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[XTalk] Re:Jubilee

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  • David C. Hindley
    Message 1 of 3 , Jul 1, 1999
      Liz Fried said:

      >>Scholars believe it did not occur in Israel because according to Leviticus
      these were to occur regularly, every 50 years. Scholars argue that if you
      would not lend money, or sell property if the anduarum approached. I think
      actually that was a real problem, but they probably handled it the same way
      the Babylonians did, made the sale permanent regardless of the approaching
      time of the deror.

      The tenth year of Zedekiah can be dated to 588-587. During this year there
      was a general manumission of (Hebrew) slaves (albeit rescinded). During this
      year Jeremiah redeemed his cousin's land. Fifty years later, exactly,
      Isaiah announces the return of Jews to their homeland in language of the
      deror. 100 years prior to Zedekiah's tenth year, 688-687, would also have
      been a Jubilee year, and the year before that a sabbatical year. Those who
      suggest a second campaign of Senacherib to Judah put it to 689-688, the
      sabbatical year preceding the Jubilee year. In Isaiah 37:30=2 Kings 19:29
      we read what Isaiah says to Hezekiah during a siege by Senacherib : "This
      shall be for you the sign: Eat this year the saPiaH, and in the second year
      the saHis, in the third year plant and harvest." The word saPiaH is used
      only one other time in the HB, in Lev. 25:5. It is what springs up by itself
      from kernels accidently spilled during harvest the year before. The word
      saHis does not occur elsewhere, but its meaning is obvious. It seems Isaiah
      iis telling Hezekiah to keep two falow years in a row.
      It all may be simply coincidences, but it is suggestive, it seems to me. It
      also makes sense that a siege by Sennacherib and a siege by Nebuchadnezzar
      would both be during the time when there would be two fallow years in a row,
      a sabbatical followed by a jubilee. Indeed, the extreme vulnerability of
      the people during this time is one reason to forego the jubilee year.<<

      Sorry, but I am having trouble following the order of some of your statements.

      I was under the impression that the Jubilee year is the 50th year (i.e., the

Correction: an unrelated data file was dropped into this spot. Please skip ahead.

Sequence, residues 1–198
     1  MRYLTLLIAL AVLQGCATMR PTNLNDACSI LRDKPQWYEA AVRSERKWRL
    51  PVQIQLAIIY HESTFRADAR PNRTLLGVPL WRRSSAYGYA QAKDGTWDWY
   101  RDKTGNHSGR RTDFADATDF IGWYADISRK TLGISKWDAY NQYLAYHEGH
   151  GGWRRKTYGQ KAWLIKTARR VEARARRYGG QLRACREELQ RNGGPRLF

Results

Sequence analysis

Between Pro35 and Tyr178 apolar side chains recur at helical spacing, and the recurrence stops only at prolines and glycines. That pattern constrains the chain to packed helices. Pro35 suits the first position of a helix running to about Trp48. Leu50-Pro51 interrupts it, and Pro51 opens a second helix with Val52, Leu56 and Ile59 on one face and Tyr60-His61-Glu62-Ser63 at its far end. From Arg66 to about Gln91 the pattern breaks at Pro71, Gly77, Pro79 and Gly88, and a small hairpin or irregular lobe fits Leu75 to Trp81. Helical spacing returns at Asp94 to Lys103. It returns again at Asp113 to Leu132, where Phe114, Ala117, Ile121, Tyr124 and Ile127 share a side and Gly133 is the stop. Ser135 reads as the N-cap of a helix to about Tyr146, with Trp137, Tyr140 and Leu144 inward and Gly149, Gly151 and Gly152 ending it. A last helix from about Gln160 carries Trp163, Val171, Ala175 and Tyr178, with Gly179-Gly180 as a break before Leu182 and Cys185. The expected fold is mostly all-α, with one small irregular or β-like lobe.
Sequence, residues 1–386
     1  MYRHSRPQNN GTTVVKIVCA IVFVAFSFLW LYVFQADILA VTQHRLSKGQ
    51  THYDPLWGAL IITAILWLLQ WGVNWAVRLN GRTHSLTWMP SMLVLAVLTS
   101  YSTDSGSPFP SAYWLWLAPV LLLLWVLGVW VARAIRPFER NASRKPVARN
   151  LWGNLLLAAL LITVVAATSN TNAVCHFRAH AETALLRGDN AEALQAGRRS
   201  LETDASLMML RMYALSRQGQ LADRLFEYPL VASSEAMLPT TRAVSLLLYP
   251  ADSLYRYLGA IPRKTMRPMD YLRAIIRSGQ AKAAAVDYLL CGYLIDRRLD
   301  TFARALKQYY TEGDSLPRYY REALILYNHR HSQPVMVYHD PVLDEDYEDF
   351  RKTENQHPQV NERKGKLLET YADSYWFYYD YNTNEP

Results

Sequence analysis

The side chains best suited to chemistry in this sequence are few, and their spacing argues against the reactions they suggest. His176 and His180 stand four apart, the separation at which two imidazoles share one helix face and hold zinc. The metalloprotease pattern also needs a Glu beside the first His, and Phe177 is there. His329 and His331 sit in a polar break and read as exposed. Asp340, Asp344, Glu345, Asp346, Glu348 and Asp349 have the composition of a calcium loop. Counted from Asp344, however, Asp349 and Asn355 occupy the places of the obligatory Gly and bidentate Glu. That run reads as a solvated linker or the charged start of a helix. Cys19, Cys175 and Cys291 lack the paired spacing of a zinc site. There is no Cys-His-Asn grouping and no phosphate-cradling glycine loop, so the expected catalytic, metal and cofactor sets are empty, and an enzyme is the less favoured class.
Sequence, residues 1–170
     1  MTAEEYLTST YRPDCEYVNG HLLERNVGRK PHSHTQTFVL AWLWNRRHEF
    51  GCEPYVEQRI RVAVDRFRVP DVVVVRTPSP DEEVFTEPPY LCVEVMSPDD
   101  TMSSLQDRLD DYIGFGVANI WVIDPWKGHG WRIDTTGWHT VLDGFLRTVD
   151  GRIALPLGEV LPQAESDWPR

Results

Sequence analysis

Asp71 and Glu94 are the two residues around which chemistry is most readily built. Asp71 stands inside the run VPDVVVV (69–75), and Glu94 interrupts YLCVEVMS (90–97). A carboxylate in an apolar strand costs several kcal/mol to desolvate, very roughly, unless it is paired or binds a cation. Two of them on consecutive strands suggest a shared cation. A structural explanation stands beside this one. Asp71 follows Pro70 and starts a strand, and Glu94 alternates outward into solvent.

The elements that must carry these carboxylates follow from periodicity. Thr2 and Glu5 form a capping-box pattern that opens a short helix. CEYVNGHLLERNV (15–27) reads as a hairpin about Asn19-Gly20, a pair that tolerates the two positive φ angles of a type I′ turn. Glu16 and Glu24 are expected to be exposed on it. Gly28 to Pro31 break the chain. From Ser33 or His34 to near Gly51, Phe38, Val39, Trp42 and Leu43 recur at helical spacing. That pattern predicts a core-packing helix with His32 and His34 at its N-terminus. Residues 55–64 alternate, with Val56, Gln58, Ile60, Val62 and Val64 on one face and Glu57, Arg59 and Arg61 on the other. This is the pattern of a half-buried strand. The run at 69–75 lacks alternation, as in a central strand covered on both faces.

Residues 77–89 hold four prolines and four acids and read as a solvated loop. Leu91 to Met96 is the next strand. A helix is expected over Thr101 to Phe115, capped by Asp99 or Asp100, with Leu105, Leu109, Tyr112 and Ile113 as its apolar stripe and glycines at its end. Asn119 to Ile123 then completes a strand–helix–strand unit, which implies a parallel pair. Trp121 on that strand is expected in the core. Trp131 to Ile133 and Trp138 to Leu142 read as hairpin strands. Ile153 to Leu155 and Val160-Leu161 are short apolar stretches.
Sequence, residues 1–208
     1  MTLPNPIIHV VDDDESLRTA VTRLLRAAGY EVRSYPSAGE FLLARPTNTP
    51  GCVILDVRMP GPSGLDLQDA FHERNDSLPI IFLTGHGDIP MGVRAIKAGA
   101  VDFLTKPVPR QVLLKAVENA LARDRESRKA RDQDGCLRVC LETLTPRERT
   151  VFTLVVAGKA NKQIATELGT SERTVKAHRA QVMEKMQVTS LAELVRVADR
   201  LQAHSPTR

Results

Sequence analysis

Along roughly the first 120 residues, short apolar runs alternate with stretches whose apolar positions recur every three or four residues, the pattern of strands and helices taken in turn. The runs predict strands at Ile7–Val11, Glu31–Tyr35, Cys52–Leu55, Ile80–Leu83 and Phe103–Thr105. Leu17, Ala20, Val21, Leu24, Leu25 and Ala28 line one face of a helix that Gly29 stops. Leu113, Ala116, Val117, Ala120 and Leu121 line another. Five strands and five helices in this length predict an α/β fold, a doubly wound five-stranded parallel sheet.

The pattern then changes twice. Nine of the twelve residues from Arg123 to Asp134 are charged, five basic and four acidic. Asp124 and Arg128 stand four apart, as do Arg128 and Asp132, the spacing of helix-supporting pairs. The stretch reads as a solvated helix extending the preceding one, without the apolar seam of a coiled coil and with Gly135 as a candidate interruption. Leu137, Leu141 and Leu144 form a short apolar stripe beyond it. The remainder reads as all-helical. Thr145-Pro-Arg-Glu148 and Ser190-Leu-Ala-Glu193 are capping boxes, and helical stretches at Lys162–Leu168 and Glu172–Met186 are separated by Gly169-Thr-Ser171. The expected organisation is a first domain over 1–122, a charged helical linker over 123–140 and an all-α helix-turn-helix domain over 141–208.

year after the seventh sabbatical year), and hence occurs every 49 years. You
      are stating that it is every 50th. Wouldn't the Jubilee years begin to
      separate farther and farther from the seventh sabbatical year if it was true
      that they actually occur 50 years from one another? But you have assumed that
      the Jubilee year immediately follows the seventh sabbatical year. Then you
      said "[f]ifty years later, exactly, Isaiah announces the return of Jews to
      their homeland in language of the deror" as if that means 50 years after
      Zedekiah's time. Yet this appears to refer to Isa 37:30 (= 2 Kings 19:29), but
      this refers to Sennacherib's siege of Hezekiah sometime between 701 and 681
      BCE. Then you say "100 years prior to Zedekiah's tenth year, 688-687, would
      also have been a Jubilee year, and the year before that a sabbatical year" and
      relate that date to the prophesy of Isaiah (and I will even agree that 688 BCE
      may very well be the correct year for it). I am afraid that I am getting a
      case of vertigo!

      You also stated that during the 10th yr of Zedekiah (588 BCE), "there was a
      general manumission of (Hebrew) slaves (albeit rescinded)." I wonder if this
      has been compressed a bit. If, based on the datings from Josephus, a
      sabbatical year occurred in 591/590 BCE, a Jubilee could then have occurred in
      590/589 BCE. Then ...

      RSV Jeremiah 34:15 "You recently [i.e., in 590-589 BCE] repented and did what
      was right in my eyes by proclaiming liberty, each to his neighbor, and you
      made a covenant before me in the house which is called by my name; 16 but then
      you turned around and profaned my name when each of you took back his male and
      female slaves, whom you had set free according to their desire, and you
      brought them into subjection to be your slaves. 17 Therefore, thus says the
      LORD: You have not obeyed me by proclaiming liberty, every one to his brother
      and to his neighbor; behold, I proclaim to you liberty to the sword, to
      pestilence, and to famine, says the LORD. I will make you a horror to all the
      kingdoms of the earth."

      The latter prediction, it seems to me, was meant to explain the famine in
      Jerusalem in 588 BCE as punishment for the people reversing their promise to